The Exonerated

Jessica Blank and Erik Jensen
Riverside Studios
(2006)

Publicity image

To quote a much- and over-used phrase, if you are only going to make it to the theatre once this year, go and see The Exonerated. This is the most powerful play in London, it literally has the ability to save lives, and thrown into the bargain you will have the chance the chance to see some big-name American movie stars.

If the paragraph above doesn't make it patently obvious, the British Theatre Guide, or this reviewer at least, is a big fan of a play that is emotionally disturbing but spiritually uplifting. We have reviewed it in New York twice and also on its British premiere in Edinburgh when in addition, we managed to interview Jessica Blank and Erik Jensen.

The Exonerated tells the story of five men and a woman, all of whom were wrongly sentenced to death for murders that they did not commit. Between them, they spent over 100 years on Death Row watching their fellow inmates frying in the electric chair, while awaiting their own imminent deaths.

The play has been constructed using nothing but the words of these six people and also transcripts from the police investigations and court cases.

The whole forms a terrible indictment against the US justice system and the strongest possible case against the use of the death penalty, still so prevalent in the United States of America, although not so much in Illinois since the State Governor saw The Exonerated.

Ten actors sit on stools behind microphones, lined up on stage facing the audience. For an hour and a half, six of them play the parts of the accused murderers, while the remaining four, showing great versatility as character actors, fill in the gaps as family members and law officers.

The story is carried forward by pop poet but also accused murderer, Delbert Tibbs, who at the London opening was played with wit and feeling by British-born actor Delroy Lindo, best known for his work with Spike Lee and in particular, for Malcolm X.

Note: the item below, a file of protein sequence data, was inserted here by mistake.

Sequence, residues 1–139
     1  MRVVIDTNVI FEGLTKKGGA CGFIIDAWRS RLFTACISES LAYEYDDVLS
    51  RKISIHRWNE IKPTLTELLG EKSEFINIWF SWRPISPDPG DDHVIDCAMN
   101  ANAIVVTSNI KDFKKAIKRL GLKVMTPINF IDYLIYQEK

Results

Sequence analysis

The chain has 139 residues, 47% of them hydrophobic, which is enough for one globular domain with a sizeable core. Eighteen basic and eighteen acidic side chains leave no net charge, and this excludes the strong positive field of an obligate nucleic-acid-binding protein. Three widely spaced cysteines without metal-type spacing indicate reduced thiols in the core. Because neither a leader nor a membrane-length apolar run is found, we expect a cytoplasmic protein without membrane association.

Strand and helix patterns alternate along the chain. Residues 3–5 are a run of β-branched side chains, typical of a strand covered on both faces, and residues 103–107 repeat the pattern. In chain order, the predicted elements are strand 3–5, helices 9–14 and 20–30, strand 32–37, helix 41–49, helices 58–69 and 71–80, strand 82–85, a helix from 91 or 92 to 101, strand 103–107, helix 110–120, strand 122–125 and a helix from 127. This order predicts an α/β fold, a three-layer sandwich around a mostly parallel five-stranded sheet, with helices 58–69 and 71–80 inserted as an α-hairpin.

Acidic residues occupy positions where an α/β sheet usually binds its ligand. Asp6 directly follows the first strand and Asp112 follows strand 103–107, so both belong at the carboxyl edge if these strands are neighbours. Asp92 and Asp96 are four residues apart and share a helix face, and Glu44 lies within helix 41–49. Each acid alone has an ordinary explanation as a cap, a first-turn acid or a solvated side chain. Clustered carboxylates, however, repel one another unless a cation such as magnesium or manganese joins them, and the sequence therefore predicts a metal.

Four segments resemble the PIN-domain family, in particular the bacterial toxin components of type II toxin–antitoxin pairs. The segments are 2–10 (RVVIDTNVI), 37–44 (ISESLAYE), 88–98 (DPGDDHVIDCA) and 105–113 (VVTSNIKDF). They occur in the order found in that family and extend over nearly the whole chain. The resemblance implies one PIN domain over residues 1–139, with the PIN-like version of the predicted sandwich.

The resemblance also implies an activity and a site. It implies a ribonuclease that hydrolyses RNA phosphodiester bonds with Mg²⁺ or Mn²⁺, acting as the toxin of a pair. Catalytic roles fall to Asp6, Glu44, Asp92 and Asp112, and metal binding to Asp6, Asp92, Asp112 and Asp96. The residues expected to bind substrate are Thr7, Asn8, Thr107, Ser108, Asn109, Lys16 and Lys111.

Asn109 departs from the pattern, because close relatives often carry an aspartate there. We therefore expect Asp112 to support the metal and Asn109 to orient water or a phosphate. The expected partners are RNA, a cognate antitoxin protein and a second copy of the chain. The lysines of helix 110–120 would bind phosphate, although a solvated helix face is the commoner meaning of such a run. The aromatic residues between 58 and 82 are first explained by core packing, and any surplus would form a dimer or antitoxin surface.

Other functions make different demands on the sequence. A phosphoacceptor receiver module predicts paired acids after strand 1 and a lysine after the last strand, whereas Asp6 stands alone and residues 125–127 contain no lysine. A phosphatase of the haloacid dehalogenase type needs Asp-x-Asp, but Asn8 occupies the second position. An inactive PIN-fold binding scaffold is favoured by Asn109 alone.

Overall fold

Tibbs suffered from a severe case of racism, like two of his colleagues portrayed on the stage. In each case, a jury was happy to accept that all black men look the same and as near as makes no difference, all are murderers.

On this occasion the other two guests were also top film stars. Aidan Quinn, of Legends of the Fall and Michael Collins fame, plays the effete but harmless Kerry Max Cook.

He came from a good family and his story is particularly chastening since as he puts it, "if it could happen to me, it could happen to anybody". Combining a terrible story with what in the past had been known as gallows humour; he calmly relates his history, including a triple gang-rape in prison during which terrible messages were carved into his buttocks, where they remain today.

He goes even further in his relation of the injustice that resulted, talking about his brother, one of life's successes who "put himself right on Death Row with me" eventually taking to the bottle. He was murdered in a bar brawl, something that would not have happened had Kerry Max not been imprisoned.

The most powerful story of all is that of Sunny Jacobs, a tiny bird-like woman played by Stockard Channing, most recently a star in The West Wing, who does a very good impression of the original, who has played herself in the US, Scotland and London.

With her common-law husband, Jesse and two children, Sunny Jacobs, a tiny, sweet-natured hippy got caught up with a paroled criminal who shot his way out of trouble killing two policemen and blaming the couple.

Unbelievably, despite this man's confession to the crimes in 1979, Sunny was not release from prison for a further 13 years. To make the story infinitely more tragic, Jesse was executed but not before the electric chair had malfunctioned so that he receives three massive jolts of electricity and spent 13 1/2 minutes waiting to die, which he ultimately did horrifically, flames shooting from his head. And remember, this man did not commit the crime for which he was executed.

Jessica Blank and Erik Jensen have done a wonderful job of interviewing exonerated inmates and particularly in encapsulating their lives in a carefully edited script. They have received great support from director Bob Balaban who has made the six stories absolutely seamless.

The Exonerated is not only a worthwhile play but also has the tension of the best detective or legal dramas. It is impossible to praise it too highly and you should not miss out on the chance to see it while it is in London.

Reviewer: Philip Fisher